Happening in STL

A Closer Look at the Loop Trolley

The fleet consists of three vehicles. Purchased from the Portland streetcar system, the red Car 1 and blue Car 2 are replica Council Crest models built in 1991 with both new and original parts; they’re fully refurbished with electrical and mechanical upgrades, as well as ADA accessibility. The orange Car 3 is a Melbourne W2 model from Seattle that was built in the 1920s; it’s slated to run at a later date, expanding service from four days to seven.

An operator cab is located at each end of the car. Drivers can simply pull into the terminal stop at the end of the line and then walk to the other end of the car to drive it in the opposite direction.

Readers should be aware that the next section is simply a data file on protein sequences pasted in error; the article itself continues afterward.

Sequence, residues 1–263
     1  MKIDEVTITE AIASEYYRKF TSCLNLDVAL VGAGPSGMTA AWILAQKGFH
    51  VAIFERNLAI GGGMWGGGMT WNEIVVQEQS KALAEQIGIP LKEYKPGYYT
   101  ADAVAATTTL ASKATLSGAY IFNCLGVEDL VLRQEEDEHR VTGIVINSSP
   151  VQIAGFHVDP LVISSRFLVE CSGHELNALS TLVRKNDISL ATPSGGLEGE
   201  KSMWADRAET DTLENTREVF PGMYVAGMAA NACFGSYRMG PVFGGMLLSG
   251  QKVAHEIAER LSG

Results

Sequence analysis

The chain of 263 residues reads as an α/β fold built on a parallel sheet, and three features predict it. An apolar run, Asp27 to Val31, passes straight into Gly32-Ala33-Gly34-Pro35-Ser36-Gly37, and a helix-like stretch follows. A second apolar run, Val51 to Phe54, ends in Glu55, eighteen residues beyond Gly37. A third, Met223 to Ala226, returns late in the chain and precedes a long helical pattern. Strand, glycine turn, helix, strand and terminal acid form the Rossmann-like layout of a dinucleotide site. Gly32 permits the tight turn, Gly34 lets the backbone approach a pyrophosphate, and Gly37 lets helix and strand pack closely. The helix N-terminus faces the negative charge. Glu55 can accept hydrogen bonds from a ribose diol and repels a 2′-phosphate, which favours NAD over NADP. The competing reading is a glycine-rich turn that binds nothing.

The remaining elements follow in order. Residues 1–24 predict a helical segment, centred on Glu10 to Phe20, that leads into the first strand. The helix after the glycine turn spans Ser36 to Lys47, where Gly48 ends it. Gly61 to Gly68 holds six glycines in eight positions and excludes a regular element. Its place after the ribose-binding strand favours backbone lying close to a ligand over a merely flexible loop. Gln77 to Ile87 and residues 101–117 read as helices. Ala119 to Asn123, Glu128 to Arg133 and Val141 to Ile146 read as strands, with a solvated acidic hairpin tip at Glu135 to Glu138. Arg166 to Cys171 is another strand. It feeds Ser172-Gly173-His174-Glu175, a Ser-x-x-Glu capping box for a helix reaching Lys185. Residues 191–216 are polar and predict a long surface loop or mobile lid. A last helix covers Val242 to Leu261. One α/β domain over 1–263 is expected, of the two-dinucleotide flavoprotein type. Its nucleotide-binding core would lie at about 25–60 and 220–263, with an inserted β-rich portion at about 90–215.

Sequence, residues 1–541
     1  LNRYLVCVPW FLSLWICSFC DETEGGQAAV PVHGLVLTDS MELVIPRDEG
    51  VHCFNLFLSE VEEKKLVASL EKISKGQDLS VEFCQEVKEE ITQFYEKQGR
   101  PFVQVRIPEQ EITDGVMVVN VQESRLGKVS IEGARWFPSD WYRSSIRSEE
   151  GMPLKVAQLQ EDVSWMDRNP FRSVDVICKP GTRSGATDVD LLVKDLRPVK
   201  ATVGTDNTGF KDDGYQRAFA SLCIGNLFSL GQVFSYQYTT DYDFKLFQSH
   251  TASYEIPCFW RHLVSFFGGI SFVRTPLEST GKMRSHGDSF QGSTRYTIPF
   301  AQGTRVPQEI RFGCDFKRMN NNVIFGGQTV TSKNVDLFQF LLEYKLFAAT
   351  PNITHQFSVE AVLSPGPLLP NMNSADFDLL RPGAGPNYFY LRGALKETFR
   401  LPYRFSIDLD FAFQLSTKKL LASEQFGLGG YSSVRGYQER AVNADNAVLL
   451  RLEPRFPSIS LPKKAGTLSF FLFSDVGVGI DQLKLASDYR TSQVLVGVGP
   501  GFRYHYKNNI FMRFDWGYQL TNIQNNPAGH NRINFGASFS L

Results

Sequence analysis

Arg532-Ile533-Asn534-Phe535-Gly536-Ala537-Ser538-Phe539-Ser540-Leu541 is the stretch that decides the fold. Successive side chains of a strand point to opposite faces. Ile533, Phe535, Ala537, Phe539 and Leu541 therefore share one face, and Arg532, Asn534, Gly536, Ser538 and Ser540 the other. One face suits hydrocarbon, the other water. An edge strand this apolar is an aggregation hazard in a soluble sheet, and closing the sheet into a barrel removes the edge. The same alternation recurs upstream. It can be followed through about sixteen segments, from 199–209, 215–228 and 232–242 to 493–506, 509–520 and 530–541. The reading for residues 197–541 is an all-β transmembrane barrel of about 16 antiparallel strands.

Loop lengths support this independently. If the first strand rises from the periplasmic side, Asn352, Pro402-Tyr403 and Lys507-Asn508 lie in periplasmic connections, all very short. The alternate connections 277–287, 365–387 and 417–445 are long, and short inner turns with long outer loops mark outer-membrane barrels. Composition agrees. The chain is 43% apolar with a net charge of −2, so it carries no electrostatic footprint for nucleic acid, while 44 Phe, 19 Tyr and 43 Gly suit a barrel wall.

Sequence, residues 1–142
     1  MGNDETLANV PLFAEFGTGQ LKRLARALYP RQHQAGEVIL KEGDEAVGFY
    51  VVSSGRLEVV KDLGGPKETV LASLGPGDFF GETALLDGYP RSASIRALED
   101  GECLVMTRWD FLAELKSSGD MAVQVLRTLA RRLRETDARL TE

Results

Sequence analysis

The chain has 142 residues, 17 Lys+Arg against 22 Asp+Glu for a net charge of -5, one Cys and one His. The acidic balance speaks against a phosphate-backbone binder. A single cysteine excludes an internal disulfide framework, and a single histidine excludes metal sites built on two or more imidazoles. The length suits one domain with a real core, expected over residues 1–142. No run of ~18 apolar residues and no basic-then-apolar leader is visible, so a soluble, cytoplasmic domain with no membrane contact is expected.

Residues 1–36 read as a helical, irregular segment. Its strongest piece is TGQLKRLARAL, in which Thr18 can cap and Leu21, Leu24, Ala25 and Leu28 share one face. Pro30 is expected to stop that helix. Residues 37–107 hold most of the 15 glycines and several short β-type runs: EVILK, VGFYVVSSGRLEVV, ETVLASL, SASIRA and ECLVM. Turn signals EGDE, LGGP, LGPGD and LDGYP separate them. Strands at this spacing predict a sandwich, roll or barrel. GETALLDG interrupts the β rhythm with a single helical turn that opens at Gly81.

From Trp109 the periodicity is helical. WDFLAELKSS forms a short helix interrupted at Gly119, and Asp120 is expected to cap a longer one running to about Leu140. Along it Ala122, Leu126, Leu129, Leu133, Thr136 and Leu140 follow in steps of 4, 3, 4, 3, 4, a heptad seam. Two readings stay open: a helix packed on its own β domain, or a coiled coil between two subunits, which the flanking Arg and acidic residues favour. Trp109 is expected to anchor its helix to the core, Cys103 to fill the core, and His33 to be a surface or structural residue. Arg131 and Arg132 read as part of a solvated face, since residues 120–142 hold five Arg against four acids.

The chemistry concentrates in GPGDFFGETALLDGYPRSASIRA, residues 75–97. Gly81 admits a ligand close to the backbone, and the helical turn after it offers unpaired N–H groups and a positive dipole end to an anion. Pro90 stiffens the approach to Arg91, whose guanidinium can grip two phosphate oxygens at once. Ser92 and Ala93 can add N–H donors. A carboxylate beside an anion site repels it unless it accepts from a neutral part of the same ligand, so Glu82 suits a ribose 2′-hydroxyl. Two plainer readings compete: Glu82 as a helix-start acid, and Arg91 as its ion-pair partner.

The cars are powered by the pantograph on top of the trolley, which connects to the overhead catenary system of live electrical wires. It’s capable of delivering in excess of 1,000 amps by way of its 600-VDC line voltage.

Trolleys employ two braking methods, each activated from the operator’s cab. Tread brakes apply air pressure to the shoes on each of the car’s eight wheels. Track brakes use electromagnetic friction to further decrease braking distance. The trolleys are also equipped with devices called sanders that distribute sand under the wheels to reduce speed and to gain traction in wet conditions.

Riders may purchase a two-hour pass for $2. An all-day pass will be available for $5. Fares are reduced for seniors, riders with disabilities, and children ages 5–12.

Article originally posted by STLMag